Not saving the Isis Theatre would be ludicrous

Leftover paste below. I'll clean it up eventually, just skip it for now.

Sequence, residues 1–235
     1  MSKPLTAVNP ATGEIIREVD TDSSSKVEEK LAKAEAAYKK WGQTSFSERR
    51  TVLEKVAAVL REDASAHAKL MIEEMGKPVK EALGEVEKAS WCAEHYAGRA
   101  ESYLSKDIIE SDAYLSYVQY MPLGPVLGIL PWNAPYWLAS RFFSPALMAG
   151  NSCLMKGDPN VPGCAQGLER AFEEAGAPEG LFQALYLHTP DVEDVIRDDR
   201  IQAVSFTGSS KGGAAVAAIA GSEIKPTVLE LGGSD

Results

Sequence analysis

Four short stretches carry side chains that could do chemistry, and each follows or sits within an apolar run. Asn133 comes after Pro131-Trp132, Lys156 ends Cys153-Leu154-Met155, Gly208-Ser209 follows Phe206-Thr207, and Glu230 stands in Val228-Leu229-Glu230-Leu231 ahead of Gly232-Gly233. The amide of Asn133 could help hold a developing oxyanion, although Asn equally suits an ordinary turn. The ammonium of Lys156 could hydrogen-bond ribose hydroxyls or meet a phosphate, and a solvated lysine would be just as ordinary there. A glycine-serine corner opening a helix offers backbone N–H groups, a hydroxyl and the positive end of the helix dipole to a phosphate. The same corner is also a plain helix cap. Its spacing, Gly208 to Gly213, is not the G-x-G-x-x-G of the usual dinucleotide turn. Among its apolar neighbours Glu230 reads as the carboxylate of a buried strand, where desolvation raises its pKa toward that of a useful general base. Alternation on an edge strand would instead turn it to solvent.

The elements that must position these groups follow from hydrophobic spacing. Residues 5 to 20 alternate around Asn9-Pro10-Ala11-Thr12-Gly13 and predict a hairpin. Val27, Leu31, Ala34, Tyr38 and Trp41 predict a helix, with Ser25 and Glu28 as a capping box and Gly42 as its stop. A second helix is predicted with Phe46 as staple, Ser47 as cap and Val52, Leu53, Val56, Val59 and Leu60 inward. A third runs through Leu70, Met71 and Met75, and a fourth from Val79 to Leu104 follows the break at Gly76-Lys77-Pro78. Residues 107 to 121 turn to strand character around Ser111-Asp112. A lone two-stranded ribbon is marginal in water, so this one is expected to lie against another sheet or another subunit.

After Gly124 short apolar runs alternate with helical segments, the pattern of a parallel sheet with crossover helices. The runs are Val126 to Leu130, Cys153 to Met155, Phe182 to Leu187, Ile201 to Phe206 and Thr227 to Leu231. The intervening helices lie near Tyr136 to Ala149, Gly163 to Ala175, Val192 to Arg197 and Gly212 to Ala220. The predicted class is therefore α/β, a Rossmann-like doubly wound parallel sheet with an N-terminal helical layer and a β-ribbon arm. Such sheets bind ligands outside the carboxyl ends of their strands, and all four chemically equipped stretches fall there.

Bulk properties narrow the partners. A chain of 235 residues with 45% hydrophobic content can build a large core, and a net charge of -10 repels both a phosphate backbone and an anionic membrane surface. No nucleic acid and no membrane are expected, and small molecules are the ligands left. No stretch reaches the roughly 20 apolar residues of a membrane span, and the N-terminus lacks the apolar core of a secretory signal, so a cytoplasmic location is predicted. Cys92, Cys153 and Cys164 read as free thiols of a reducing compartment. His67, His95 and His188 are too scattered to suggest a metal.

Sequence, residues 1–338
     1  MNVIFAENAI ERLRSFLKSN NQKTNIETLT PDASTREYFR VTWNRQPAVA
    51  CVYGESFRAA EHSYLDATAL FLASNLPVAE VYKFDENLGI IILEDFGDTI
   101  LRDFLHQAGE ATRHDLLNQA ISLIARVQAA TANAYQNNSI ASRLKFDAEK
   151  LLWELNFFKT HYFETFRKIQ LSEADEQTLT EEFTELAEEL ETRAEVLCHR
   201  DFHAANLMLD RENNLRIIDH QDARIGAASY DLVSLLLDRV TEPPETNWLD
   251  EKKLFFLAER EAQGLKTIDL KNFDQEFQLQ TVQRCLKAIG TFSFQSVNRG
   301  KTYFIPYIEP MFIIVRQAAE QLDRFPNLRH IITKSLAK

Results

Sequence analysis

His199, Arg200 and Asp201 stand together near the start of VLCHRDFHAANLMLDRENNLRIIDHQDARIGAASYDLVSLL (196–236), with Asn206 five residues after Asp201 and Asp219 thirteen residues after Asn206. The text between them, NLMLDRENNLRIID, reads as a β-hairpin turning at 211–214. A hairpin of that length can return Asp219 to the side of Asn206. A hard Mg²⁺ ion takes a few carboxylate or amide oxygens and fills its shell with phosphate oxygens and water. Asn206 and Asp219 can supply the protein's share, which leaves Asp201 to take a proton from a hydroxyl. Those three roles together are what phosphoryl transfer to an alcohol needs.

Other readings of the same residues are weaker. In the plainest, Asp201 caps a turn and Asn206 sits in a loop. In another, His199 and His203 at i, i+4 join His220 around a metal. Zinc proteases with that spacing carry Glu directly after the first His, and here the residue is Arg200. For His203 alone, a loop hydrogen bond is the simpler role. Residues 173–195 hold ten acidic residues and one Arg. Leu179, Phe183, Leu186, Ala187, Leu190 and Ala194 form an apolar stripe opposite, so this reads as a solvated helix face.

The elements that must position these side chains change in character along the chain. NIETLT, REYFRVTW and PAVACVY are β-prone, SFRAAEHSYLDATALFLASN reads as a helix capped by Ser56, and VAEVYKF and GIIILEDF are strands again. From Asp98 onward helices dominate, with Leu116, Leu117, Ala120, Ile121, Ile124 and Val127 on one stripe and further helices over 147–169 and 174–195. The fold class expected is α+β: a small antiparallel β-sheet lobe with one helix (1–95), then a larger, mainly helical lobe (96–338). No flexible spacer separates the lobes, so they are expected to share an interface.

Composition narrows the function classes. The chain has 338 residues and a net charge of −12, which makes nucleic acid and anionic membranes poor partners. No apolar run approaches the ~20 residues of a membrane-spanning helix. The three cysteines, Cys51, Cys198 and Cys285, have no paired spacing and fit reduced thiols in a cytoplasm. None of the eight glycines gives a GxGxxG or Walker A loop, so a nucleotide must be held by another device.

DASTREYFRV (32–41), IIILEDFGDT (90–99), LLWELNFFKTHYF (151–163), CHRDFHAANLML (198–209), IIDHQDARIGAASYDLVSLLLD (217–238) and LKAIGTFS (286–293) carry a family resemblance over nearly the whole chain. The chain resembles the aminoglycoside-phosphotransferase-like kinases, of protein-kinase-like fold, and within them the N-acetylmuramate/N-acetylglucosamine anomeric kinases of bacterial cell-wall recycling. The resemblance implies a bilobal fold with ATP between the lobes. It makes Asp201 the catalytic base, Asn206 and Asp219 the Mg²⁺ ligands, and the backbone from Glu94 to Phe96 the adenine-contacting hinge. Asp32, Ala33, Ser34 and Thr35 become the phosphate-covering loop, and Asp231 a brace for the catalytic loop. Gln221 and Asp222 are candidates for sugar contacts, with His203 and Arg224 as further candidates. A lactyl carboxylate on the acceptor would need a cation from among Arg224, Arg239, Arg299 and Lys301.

It’s hard not to wince at the idea of the city government shelling out $8.75 million to purchase the Isis Theatre on Hopkins Avenue.The 92-year-old building is on the market, and a lot of people are worried it will go the way of the Mother Lode restaurant and be converted into still more high-end residential or boutique commercial property. That may be true. In the current market, residential real estate is where the money is. Look no further than the fact that virtually every commercial project that’s come before the City Council in the last year, mostly lodge redevelopments, has included a residential component. So what’s to stop the next owner of the Isis from converting more of its space from commercial to residential use? What’s to prevent a cherished movie house from becoming a collection of jewelry boutiques and overpriced clothing stores?Nothing, except perhaps public ownership.The Isis is an Aspen historical gem. Every generation since 1915 has known it as the town’s movie house. And with the recent closure and pending redevelopment of the Stage 3 theater building, the Isis is the last of its kind in town. Without the Isis, Aspen would become less interesting, less vibrant, less unique.Last week the city of Aspen publicly floated the idea of buying the Isis, minus the penthouse suite on the third floor. The proposed deal would require a $500,000 down payment to set the purchase in motion. Voters would have to approve the deal, which in its latest iteration carries a price of $8.75 million.City Council this week backed away from the deal. Council members were put off by the fact that the owners would give them only one week to inspect the building and the contract before the $500,000 becomes nonrefundable. As several residents told the council on Monday, the one-week deadline is ridiculous.At first glance, it may seem ludicrous to risk $500,000 in order to send some sort of Isis funding proposal to the voters. But perhaps it’s worth the risk. The Isis is Aspen’s last and best movie theater (the Wheeler Opera House shows movies, but not full time). It’s a critical venue for the annual Comedy Arts Festival. It’s the only place where, on any day of the week, we can go to relax, forget our worries and get lost in the silver screen.Without city involvement now, the Isis could disappear forever as a theater. In that context, it seems ludicrous not to risk the money.The city and the Isis owners need to negotiate a fair and viable deal, and get a funding proposal before the voters in the fall.
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